Are you proud of every commercial photo or corporate video production you’ve done? Have you ever found yourself explaining to someone, maybe even a client, about how a project you worked on could have been better, but you were held back by the lack of a big budget? That’s understandable to a point, but I think there has to be a certain standard of quality with any production, regardless of budget.
Right-o! Let's jump in our "wayback machine" to London, England in the late 19th century to witness some of the oldest known video footage, not only just of the city, but in all of human history. I'm a sucker for finding the earliest cinema and photography have to offer, and if you are too, then click on.
A bug in a recent Adobe Creative Cloud update is currently deleting a folder on the root drive (Macintosh HD, by default) of Macs upon installation. This issue is affecting Backblaze users disproportionately due to the fact that the bug results in the deletion of the contents of the alphabetically first hidden folder on the root drive, which is often the folder ".bzbol" for Backblaze users.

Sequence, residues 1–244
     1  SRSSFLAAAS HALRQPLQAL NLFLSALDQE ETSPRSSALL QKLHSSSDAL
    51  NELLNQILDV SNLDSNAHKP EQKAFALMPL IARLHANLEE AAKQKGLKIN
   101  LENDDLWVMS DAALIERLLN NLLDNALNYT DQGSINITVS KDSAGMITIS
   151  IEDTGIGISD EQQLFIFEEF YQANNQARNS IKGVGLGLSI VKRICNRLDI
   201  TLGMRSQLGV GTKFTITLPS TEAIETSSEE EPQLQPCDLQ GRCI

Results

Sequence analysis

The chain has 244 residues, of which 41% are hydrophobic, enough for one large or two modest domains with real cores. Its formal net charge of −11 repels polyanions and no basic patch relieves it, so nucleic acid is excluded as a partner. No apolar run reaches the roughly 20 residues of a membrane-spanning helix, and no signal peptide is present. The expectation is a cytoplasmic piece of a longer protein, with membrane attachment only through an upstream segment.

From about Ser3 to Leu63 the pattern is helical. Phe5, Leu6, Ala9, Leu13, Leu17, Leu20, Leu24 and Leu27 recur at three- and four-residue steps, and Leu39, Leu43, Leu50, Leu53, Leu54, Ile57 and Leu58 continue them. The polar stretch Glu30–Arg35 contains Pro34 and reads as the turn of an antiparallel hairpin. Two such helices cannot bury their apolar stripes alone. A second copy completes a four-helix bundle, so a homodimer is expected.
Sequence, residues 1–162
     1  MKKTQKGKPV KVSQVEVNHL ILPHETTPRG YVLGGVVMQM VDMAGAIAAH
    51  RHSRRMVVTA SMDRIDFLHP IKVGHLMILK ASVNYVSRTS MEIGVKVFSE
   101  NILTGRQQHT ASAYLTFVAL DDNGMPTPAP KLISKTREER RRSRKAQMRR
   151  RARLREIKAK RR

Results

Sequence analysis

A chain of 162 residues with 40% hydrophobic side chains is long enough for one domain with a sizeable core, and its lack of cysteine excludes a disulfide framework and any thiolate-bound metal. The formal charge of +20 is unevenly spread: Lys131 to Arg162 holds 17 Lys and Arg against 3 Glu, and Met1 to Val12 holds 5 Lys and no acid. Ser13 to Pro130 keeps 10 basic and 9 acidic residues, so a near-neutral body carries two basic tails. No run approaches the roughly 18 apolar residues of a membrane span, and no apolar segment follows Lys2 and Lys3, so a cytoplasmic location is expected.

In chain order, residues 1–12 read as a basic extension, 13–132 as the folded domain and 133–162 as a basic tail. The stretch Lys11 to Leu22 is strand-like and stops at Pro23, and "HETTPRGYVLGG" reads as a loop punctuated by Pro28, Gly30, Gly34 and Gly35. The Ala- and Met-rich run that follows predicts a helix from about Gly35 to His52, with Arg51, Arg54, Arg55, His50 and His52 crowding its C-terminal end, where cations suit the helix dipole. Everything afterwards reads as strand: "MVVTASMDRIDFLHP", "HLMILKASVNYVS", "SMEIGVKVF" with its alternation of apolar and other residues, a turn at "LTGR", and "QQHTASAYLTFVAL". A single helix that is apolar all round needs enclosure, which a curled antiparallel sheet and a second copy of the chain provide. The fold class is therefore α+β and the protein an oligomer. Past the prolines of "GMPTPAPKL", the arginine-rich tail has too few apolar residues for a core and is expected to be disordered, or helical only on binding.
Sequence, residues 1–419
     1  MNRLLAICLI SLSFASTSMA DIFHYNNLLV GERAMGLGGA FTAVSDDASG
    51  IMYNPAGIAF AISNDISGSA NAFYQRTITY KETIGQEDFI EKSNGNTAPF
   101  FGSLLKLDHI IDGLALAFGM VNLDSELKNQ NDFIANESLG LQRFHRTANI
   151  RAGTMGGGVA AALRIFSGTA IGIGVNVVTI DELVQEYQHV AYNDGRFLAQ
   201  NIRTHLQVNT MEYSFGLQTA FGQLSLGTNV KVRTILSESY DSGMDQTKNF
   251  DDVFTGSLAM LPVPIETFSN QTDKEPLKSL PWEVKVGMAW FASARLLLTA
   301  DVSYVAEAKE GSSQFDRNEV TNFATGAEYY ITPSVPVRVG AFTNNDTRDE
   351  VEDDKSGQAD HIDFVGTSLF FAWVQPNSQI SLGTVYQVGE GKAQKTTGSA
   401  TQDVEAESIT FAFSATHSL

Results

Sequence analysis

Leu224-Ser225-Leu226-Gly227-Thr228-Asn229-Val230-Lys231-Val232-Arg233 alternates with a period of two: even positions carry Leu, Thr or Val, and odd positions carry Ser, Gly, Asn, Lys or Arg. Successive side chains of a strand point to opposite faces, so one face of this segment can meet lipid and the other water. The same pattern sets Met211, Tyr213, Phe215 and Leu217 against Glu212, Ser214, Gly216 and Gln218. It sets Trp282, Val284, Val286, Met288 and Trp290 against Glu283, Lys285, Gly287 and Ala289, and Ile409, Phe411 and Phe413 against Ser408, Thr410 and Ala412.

We get so caught up in the latest and greatest gear that it's often easy to forget that video and photography offer us a powerful window into past times. YouTube Channel Yestervid has put together a compilation of historical footage of New York City, shot between 1896 and 1905, and paired the individual clips with a map of their modern day location. It's a great tour through one of the nation's most storied cities.